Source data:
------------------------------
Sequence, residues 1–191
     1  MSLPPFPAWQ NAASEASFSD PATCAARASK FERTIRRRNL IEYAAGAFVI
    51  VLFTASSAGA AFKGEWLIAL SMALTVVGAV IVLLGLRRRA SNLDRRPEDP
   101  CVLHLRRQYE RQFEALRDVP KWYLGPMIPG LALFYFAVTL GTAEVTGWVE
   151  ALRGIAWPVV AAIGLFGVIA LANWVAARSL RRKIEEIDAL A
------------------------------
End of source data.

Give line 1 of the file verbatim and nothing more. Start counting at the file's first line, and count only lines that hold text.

Sequence, residues 1–191